Pubdate: Fri, 12 Jul 2002
Source: Waco Tribune-Herald (TX)
Copyright: 2002 Waco-Tribune Herald
Author: Rowland Nethaway, Senior Editor


The day after the U.S. Senate approved using Nevada's Yucca Mountain as a 
stash for the nation's nuclear waste, the Associated Press reported that 
voters in Nevada will decide whether to legalize small stashes of marijuana.

There's nothing like a few ounces of giggle weed to take your mind off 
77,000 tons of nearby nuclear waste.

Who cares if you glow in the dark as long as you have weed and Cheez Doodles?

The proposal, which will be voted on in November, allows adults to have up 
to three ounces of marijuana as long as they don't smoke it in public 
places, assuming pot heads will recognize public places.

Nevada's blackjack dealers and snack food salesmen should support the law, 
which must get around a federal law that bans marijuana possession and a 
U.S. Supreme Court ruling that says states cannot make exceptions for 
medical use.

A Reuters news story reports that Britain is expected to relax marijuana 
laws and allow millions of marijuana users to smoke without fear of arrest.

This decision should go a long way toward relieving concerns over Britain's 
bad weather and lousy food. I do not mean to insult people who like 
Britain's weather and food, since I conclude they already are stoned.

Pot In Same Class With Steroids

By making marijuana a Class C rather than a Class B drug, pot will be put 
in the same category as anabolic steroids and growth hormones, 
non-arrestable offenses.

Speaking of baseball, home run records are falling like leaves from a dying 
tree amid accusations that up to 70 percent of major league players are 
juiced up on steroids, which improve performance and often cause abusers to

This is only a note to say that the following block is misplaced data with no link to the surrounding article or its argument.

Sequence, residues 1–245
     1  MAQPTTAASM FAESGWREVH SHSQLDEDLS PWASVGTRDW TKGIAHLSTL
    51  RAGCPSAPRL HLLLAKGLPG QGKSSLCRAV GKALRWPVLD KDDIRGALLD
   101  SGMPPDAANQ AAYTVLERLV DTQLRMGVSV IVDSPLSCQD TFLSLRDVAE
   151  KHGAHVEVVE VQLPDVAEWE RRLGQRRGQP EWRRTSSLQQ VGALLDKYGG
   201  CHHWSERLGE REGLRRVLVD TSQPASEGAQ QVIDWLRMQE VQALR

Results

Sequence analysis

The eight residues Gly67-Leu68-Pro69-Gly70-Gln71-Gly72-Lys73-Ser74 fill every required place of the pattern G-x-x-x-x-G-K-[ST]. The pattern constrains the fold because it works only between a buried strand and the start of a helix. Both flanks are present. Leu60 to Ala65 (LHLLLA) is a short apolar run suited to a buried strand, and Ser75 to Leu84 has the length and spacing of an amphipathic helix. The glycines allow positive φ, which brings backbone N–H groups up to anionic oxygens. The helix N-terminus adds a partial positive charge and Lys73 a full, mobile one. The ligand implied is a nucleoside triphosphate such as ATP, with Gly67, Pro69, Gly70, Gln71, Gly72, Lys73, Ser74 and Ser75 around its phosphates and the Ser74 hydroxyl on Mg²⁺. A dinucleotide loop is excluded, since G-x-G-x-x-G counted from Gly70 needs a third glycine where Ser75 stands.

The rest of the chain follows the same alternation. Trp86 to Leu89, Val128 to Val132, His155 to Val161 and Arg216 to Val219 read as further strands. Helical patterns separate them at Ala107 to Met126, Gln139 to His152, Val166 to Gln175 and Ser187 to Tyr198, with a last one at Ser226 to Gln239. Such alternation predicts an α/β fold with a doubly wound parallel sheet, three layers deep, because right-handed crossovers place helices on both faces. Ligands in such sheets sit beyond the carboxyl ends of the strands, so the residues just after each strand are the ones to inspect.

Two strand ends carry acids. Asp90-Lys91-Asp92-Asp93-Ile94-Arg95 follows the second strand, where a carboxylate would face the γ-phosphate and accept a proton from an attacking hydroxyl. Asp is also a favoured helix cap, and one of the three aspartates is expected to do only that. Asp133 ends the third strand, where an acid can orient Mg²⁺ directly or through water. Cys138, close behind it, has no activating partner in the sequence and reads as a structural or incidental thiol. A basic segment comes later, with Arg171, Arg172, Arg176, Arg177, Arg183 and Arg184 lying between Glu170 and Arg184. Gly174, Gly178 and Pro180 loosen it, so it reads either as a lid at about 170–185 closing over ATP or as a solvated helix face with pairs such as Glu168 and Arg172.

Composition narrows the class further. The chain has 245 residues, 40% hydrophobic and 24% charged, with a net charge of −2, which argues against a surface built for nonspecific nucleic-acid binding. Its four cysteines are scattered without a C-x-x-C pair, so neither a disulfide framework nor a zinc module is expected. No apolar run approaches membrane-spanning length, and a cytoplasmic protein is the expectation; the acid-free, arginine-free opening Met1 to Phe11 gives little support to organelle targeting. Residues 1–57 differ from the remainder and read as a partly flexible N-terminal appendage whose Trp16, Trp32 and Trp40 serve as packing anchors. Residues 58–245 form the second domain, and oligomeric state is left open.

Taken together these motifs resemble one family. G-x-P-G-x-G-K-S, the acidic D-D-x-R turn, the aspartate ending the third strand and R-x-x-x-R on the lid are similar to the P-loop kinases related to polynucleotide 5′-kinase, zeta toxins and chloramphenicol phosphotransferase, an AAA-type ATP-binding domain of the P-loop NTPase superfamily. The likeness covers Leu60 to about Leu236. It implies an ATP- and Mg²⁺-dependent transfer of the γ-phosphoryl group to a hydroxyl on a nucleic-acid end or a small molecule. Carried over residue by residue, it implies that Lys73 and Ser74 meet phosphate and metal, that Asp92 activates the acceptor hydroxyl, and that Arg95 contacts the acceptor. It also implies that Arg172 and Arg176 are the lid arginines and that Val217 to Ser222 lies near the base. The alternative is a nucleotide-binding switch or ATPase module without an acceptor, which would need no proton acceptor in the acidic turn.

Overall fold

fly into 'roid rages.

The 70 percent figure, which came from a retired player who admitted to 
pumping up on steroids, is suspect since some active players think the 
figure is no more than 50 percent.

The thing is, no one knows what percentage of coddled multi- millionaire 
players take steroids since there is no drug testing of big league players, 
who often sound like ACLU lawyers when talking about their rights of 
privacy, illegal searches and presumption of innocence.

Some of these role-model players support drug testing as long as it is 
voluntary. That's nearly as big a joke as the recent All Star game that 
stopped with a 7-7 tie thanks to Commissioner Bud Selig, who evidently was 
hired to ruin baseball.

A sports reporter recently asked Chicago Cubs slugger Sammy Sosa if he took 
steroids, which he denied. Sosa said that if there were drug testing, he 
would be first in line.

Anticipating this canned response, the reporter gave Sosa the address of a 
nearby drug testing operation and asked him to do it now. Sosa flew into a 
rage. Hmmm - 'roid rage or not, no one knows.

Former tennis great John McEnroe recently was ratted out by his former wife 
who said McEnroe took steroids for years, which might explain his 
outrageous outbursts. Maybe, maybe not. No one knows.

The U.S. Supreme Court believes that the drug problem is so severe in the 
nation's schools that it is OK to drug test the chess team and the choir.

A few years earlier the justices said it was OK to drug test the jocks who 
are role models. Now it's OK to drug test every youngster who bothers to 
get up off his or her rump and participate in rewarding, character-building 

It would make more sense to drug test all the zoned-out kids who never 
bother to play sports, become involved in extracurricular activities or 
hold down after-school jobs.

Trying to follow the logic people use to combat drug abuse is enough to 
make you want to take two Valium tablets along with your evening cocktails.
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